60 years since Brown v. Board of Education decision ended segregation in schools

COLUMBIA, SC (WIS) - This Saturday marks 60 years since a monumental Supreme Court ruling that continued the push toward equality.

On May 17, 1954 the "Brown vs. Board of Education" case was decided.

It said segregation in public schools was unconstitutional.

Oveta Glover and Millicent Brown were among the first South Carolina students to attend all-white schools.

"It wasn't about going to a white school, it was all about being able to have the same resources - the equal resources that they had," said Glover who is now a student scholarship coordinator at Voorhees College.

Glover and her family tried twice to attend a white school.

In 1960 she was disappointed to learn the school right across the street would deny her access.

It was three years later, she was admitted to another school in Charleston, James-Simons Elementary.

Glover said she could barely contain her excitement when she learned she would be going to a school across from her house that was all-white.

Glover said she had nerves but held her father's hand the whole way.

"My biggest fears were when Daddy wasn't around and that was in the classrooms when we had to go to the back of the class," Glover said.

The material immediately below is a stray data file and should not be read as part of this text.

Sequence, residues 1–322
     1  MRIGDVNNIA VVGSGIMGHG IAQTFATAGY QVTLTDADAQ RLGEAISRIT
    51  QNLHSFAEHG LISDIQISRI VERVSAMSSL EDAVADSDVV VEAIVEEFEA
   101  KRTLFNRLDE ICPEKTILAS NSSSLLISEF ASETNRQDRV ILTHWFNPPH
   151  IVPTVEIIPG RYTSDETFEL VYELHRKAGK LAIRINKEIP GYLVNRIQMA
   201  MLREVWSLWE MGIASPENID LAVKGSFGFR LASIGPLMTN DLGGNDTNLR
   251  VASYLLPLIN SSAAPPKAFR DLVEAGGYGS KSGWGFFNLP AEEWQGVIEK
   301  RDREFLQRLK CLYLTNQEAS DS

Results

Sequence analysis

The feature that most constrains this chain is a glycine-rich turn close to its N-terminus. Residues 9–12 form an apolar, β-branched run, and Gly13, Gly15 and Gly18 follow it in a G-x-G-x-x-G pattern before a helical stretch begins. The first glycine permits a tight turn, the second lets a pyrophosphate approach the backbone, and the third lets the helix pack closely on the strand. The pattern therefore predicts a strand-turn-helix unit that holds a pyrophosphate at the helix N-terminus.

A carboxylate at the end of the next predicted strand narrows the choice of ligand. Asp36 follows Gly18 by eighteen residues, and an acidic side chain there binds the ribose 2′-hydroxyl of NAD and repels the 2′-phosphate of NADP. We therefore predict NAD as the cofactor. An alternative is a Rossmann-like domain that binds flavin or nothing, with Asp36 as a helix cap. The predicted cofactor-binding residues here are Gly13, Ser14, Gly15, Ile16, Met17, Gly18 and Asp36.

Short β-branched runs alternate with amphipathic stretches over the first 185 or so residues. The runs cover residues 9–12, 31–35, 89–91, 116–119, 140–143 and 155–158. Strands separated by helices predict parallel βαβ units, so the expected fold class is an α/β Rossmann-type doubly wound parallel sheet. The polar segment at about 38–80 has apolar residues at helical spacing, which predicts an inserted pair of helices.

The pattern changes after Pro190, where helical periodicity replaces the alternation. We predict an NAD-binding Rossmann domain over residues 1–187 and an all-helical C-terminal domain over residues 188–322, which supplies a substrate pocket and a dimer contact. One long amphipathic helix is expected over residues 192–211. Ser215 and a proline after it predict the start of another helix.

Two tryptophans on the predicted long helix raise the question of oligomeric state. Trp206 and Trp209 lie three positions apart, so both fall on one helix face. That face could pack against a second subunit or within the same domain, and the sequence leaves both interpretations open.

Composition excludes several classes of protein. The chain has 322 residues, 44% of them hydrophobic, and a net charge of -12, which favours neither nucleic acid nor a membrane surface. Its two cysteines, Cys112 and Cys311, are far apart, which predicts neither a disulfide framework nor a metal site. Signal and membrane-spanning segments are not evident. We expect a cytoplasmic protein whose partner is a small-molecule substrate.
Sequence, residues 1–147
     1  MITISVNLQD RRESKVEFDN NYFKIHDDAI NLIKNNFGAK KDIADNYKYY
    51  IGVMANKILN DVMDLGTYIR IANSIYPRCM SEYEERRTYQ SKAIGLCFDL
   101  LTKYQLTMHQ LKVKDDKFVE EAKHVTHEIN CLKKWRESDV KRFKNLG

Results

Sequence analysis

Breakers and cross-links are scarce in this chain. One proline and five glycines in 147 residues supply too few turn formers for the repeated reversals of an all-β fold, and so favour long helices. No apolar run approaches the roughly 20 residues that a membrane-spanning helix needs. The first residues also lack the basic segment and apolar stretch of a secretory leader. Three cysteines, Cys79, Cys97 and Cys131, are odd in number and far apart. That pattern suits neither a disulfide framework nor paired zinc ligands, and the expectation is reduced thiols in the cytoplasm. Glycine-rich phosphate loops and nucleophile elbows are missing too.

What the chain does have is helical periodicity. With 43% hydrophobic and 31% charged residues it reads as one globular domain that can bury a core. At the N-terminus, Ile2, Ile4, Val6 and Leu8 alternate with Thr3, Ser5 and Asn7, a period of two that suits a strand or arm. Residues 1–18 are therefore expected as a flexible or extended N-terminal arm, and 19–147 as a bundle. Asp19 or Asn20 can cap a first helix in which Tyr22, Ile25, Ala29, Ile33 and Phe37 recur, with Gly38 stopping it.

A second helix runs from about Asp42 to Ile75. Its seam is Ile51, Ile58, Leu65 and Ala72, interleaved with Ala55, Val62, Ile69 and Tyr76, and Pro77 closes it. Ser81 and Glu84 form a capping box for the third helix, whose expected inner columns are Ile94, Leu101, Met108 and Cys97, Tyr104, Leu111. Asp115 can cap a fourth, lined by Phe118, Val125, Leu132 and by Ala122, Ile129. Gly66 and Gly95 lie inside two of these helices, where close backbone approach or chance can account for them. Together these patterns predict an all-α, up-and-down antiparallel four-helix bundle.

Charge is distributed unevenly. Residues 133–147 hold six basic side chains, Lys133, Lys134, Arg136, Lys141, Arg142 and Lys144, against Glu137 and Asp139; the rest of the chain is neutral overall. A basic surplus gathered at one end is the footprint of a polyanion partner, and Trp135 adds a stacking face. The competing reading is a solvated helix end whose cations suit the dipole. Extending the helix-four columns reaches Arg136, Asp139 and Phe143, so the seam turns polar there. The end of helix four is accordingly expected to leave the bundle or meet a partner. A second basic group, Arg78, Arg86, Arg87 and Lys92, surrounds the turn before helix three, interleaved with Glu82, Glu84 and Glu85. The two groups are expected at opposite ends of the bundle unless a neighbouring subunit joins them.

She said she was groomed to understand the fight and understand her purpose, even though it was difficult.

"When I was younger, yes I harbored, well I hated white people because my father, the Ku Klux Klan beat him up and I was being called names and my mother had to leave her family because my father was involved with the Civil Rights activities that were going on in Charleston," Glover said.

It was Brown who helped integrate Rivers High School in Charleston.

"Some of us were met with a lot of animosity and anxiety, others of us talk about it being very welcoming and a very beneficial part of their upbringing," Brown said. "I don't have good memories of high school. I hated high school. Change came with great difficulty."

The Brown vs. Board of Education decision in 1954 created change.

But Glover and Brown helped put it into motion.

"It was actually born on the shoulders of children in 1st grade, 3rd grade, 8th grade, 12th grade, children were the ones that had to go in and change society," Brown said.

And they said it was not just change for African-Americans but change for everyone.

"I'm proud to be the first, to be able to say I did open some doors," Glover said.

To hear more about this story, tune into Awareness Sunday at 11 a.m. on WIS.

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